What is an Essex girl?
What is an Essex girl? This question might make little sense to those who aren’t au fait with English geography (for those people: Essex is a county in the South East of the country) but its application has more to do with British culture of the 1990s than with pointing at a map. The term and its definition have hit the headlines this week, and the discussion raises some interesting questions about how we create our dictionaries.
Essex girl in the OED
Juliet and Natasha at The Mother Hub got in touch with us recently to let us know about a campaign they were organizing around the term Essex girl, specifically noting the definition found in the Oxford English Dictionary (OED):
[British derogatory] a contemptuous term applied (usually jocularly) to a type of young woman, supposedly to be found in and around Essex, and variously characterized as unintelligent, promiscuous, and materialistic.
This definition was added to the OED in 1997, and is echoed in a similar entry in our dictionary of current English. The current earliest evidence cited in the OED is from 1991, though the source of origin (The Essex Girl Jokebook) suggests that the term must already have been at least partly established in British English parlance. Like the similarly derogatory Essex man, the term draws on stereotypes that came in to existence in the late 20th century although we don’t know the exact origins. Understandably, this is not an association that Juliet and Natasha want attached to their home county. Why is it there, and how did Essex girl get this definition?
Why is it there?
For any word or phrase to be added to the OED, there has to be a body of evidence that shows our editors sustained usage over time. This evidence comes for a variety of sources including digital corpora that store millions of sentences of written English from all over the world. Sources include newspapers, magazines, books, blogs, emails, and Internet message boards, and these corpora were used to craft the original definition.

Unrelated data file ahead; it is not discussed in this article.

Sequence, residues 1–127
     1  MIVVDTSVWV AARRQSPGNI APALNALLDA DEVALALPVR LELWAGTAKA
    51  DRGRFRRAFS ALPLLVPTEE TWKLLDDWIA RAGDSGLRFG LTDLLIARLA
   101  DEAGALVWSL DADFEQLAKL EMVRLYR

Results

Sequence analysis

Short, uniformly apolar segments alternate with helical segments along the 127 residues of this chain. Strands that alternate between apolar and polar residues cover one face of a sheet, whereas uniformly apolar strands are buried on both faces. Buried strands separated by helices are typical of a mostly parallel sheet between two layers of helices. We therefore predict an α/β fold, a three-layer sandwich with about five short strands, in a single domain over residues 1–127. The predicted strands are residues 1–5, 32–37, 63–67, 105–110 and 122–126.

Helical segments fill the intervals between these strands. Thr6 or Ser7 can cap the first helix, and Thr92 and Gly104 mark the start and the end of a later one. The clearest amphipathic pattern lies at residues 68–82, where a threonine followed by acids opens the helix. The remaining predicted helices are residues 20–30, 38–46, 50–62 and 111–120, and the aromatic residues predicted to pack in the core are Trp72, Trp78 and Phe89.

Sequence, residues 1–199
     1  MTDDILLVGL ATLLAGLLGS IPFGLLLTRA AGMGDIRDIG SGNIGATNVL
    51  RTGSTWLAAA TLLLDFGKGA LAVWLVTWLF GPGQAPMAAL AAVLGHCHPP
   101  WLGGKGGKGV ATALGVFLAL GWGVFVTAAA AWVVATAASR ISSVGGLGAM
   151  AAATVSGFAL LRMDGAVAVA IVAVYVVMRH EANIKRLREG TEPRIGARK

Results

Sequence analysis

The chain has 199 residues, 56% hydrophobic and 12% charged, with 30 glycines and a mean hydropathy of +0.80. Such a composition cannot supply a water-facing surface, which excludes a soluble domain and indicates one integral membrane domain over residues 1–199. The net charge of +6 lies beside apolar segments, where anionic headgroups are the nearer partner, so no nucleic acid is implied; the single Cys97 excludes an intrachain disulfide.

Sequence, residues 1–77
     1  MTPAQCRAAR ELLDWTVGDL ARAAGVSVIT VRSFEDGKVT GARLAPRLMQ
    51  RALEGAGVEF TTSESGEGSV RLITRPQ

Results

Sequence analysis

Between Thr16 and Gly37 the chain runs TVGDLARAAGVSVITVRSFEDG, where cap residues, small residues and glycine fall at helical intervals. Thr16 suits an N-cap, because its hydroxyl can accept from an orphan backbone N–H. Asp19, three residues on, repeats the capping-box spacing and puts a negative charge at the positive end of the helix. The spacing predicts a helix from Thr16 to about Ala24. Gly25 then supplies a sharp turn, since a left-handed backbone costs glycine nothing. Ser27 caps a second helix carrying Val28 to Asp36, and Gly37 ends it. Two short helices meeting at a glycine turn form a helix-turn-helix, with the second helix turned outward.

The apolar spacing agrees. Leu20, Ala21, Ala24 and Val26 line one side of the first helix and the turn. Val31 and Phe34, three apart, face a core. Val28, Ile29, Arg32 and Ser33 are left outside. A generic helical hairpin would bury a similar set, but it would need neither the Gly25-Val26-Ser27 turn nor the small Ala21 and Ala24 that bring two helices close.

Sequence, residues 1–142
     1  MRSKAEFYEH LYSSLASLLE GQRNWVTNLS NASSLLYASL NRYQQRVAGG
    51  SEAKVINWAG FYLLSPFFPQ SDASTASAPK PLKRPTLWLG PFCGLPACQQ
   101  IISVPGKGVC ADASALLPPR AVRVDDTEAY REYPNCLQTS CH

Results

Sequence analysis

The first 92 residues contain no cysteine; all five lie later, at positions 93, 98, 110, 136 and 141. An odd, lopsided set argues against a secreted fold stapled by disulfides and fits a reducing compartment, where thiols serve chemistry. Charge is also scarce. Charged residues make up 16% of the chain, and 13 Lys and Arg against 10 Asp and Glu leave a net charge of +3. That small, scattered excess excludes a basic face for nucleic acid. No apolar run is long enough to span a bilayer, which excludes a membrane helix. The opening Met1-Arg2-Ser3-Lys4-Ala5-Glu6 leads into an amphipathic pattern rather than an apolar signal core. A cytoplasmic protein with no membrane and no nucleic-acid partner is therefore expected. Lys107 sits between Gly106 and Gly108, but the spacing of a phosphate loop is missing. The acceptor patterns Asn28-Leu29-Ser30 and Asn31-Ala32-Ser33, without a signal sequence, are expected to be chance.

Our role is always ‘descriptive not prescriptive’: Oxford Dictionaries describe language as it is used, rather than seeking to determine how it should be used. For that reason, our dictionaries include all types of language, including derogatory and offensive terms, never imposing editorial opinion or judgement. A word being derogatory or offensive is not grounds to exclude it, though these labels appear alongside dictionary entries where appropriate.
Use of Essex girl doesn’t appear to be diminishing – though bare stats are unable to distinguish between examples which imply some sort of stereotype and those which simply mean ‘a girl from Essex’. More tellingly, the commonly associated phrase Essex girl joke has had a significant decline recently, from its peak in the 90s and early 2000s.
Essex girl, though originating in the 1990s, has taken on an extra lease of life with the start of The Only Way is Essex (often abbreviated to TOWIE), a TV show which has been on air since 2010. The popularity of this programme and its stars may help account for the rise in frequency of certain collocates of Essex girl (words which are found alongside Essex girl most often) including bubbly, glamorous, lovable, confident, cheeky, and feisty, as well as adjectives relating to style and fashion: there certainly seems to be evidence gathering that the usage of Essex girl might be shifting.
The future of Essex girls?
While Oxford Dictionaries would never change a definition in response to a petition alone, as that would undermine our editorial policy, we are grateful to The Mother Hub for raising this issue. When new entries are drafted, all available evidence will be taken into account – but the only way to ensure that a dictionary definition is changed is to bring about change in the way the word is used. That is, language change brings about dictionary change, rather than the other way around. We welcome any debate about language, and will watch with interest the #IAmAnEssexGirl initiative that Natasha and Juliet have started – we will continue to monitor the corpora and, if the way Essex girl is used as a term changes, then our dictionaries will certainly reflect that in any future update.